The U.S. House of Representatives overwhelmingly passed a bill Wednesday designed to ease the backlog of veterans waiting for medical care from the Department of Veterans Affairs.
The $17 billion plan would pay for new VA clinics, the hiring of more doctors and nurses at existing clinics, and office visits to private health care providers for veterans who live more than 40 miles from a clinic or face waits of more the 30 days to get into one.
The bill, which includes $5 billion to be diverted within the department’s budget and $12 billion in new funding, also would make it easier to fire 80,000 VA employees for poor performance or misconduct.
The 420-5 House vote moved the bill to the Senate, which is expected to vote before Congress recesses on Thursday.
U.S. Rep. Mike Michaud of Maine, the ranking Democrat on the House Veterans Affairs Committee, which oversees the VA, said in a speech on the House floor before the vote that the bill is only a first step toward fully reforming the department.
Comprehensive reform, including “radically restructuring” the VA, is needed in all areas, he said, including organization, technology, recording-keeping and workforce capabilities.
“Far too often, the good intentions underlying the laws we pass are stymied by an organizational structure that has its origins in the 1970s and 1980s,” Michaud said.
Michaud served on the conference committee that reconciled reform bills passed by the House and Senate, and highlighted his work on Project ARCH (Access Received Closer to Home), which allows veterans in rural areas to get health care in private clinics.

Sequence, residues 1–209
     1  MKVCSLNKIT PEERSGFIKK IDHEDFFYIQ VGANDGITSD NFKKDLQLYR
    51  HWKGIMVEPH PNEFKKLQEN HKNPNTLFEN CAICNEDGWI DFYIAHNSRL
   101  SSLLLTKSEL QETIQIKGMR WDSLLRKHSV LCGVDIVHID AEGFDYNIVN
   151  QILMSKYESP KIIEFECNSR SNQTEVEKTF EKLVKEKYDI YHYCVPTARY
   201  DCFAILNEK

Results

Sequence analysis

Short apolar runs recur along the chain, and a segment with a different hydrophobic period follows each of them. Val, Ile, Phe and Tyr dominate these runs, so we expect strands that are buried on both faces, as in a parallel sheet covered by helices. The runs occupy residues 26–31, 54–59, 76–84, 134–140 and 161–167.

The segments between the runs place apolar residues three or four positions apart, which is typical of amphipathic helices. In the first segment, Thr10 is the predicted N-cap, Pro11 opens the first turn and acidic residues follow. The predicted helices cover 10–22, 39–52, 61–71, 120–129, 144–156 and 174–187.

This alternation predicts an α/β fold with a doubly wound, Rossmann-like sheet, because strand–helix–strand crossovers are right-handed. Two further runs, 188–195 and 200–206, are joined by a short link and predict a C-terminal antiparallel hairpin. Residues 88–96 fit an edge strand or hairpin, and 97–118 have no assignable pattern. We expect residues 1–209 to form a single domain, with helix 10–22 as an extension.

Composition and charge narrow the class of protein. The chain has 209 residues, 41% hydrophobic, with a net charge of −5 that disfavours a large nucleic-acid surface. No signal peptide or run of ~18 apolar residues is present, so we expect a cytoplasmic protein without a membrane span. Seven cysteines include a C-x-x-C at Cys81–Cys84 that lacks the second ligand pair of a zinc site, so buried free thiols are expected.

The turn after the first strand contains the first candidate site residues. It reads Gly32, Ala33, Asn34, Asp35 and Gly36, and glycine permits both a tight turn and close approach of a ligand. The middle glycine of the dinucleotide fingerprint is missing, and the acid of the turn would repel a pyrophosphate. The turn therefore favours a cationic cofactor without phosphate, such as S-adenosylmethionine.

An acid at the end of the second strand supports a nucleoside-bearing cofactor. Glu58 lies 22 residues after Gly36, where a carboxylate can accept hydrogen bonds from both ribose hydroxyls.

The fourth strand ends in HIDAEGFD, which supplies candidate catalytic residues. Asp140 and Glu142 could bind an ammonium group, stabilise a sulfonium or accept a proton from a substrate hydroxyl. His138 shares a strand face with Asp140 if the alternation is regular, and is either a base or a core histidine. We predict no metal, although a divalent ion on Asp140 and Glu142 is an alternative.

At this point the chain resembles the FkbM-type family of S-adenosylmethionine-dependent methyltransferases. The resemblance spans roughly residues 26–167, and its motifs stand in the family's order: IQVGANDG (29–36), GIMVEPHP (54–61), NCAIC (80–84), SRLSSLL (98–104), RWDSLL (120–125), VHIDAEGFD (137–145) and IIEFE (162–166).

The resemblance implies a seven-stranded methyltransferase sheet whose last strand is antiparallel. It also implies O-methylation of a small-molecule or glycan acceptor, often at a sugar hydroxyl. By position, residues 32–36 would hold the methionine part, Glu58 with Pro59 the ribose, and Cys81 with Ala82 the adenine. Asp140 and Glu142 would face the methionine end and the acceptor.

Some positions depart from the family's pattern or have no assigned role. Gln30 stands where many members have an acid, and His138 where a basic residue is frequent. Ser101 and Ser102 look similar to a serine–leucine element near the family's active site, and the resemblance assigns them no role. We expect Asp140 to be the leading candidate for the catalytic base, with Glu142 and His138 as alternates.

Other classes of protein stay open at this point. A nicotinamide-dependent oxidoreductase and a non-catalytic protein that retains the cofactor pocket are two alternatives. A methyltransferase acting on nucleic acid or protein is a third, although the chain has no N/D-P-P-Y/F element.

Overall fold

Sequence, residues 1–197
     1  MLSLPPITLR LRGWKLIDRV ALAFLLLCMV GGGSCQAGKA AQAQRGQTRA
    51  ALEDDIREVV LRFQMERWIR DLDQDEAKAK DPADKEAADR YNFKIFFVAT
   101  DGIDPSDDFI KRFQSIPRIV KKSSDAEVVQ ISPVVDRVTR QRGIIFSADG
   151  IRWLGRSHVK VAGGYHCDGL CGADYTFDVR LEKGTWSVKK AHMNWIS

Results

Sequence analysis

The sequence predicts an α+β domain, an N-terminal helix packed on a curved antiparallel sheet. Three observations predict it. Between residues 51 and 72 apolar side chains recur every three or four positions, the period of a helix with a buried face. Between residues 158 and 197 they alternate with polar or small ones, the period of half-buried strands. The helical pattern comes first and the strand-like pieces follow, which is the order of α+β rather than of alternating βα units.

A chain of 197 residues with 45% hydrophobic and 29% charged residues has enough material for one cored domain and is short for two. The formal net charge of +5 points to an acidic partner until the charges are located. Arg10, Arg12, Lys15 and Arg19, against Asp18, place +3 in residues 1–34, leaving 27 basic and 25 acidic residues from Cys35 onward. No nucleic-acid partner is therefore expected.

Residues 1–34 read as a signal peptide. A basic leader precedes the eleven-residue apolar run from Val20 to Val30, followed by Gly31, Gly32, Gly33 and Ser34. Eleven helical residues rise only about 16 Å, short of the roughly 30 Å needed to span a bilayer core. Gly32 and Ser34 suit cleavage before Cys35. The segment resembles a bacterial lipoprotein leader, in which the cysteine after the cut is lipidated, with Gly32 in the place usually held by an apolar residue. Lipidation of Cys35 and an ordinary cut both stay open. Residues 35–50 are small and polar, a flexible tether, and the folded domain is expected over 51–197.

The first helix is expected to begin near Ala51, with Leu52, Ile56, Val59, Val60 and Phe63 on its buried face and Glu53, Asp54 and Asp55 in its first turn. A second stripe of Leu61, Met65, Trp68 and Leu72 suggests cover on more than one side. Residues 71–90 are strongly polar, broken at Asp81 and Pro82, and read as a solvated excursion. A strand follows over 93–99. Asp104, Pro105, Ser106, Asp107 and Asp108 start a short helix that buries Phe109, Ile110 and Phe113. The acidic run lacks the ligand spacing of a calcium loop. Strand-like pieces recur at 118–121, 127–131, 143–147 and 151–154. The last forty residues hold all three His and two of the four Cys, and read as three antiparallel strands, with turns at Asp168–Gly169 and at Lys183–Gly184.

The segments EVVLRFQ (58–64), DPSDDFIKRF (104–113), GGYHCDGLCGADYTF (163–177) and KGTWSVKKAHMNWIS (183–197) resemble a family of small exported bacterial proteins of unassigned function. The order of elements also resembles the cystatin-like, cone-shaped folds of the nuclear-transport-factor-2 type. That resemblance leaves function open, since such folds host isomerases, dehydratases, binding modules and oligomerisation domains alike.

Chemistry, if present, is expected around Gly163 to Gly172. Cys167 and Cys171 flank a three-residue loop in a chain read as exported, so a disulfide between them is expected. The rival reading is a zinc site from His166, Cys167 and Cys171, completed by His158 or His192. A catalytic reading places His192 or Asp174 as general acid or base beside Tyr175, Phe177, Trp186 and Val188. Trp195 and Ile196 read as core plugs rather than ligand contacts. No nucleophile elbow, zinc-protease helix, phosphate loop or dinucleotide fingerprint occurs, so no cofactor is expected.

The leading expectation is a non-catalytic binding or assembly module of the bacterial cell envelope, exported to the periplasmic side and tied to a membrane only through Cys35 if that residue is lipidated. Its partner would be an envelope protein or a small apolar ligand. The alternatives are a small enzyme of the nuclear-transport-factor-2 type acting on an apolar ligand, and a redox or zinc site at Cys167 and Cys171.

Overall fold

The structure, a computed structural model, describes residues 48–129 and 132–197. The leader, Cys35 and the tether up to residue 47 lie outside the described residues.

Maine is one of five test sites for the program, which received a two-year extension in the bill.
“It is critical for the thousands of veterans who live in districts like mine,” Michaud said.
Problems in the Department of Veterans Affairs came to light this spring, when a whistleblower claimed that officials in Phoenix were concealing long wait times for care by keeping secret lists. The Office of the Inspector General revealed that 1,700 veterans were not on an official waiting list in Phoenix, and at least 18 died while awaiting care.
Michaud, the Democratic candidate for Maine governor, quickly came under fire from his gubernatorial opponents, Republican Paul LePage and independent Eliot Cutler.
LePage and Cutler blamed Michaud for failing to provide adequate oversight of the VA after an investigator noted that problems with wait times for health care had been noted in 18 previous oversight reports.
When news of the compromise brokered by independent Sen. Bernie Sander of Vermont and Rep. Jeff Miller, R-Florida, broke on Monday, Cutler expressed hope that the nation’s veterans would be taken care of, while LePage’s campaign continued to criticize Michaud.
Brent Littlefield, LePage’s political adviser, stayed on the attack Wednesday, but he was forced to correct a press release that sought to cast doubt on Michaud’s claim that he was “very active” in drafting the compromise reform bill voted on Wednesday.
Littlefield’s release included links to 11 national stories about the compromise, saying none of them mentioned Michaud. Several of the stories were from the same source, while another clearly noted Michaud’s involvement.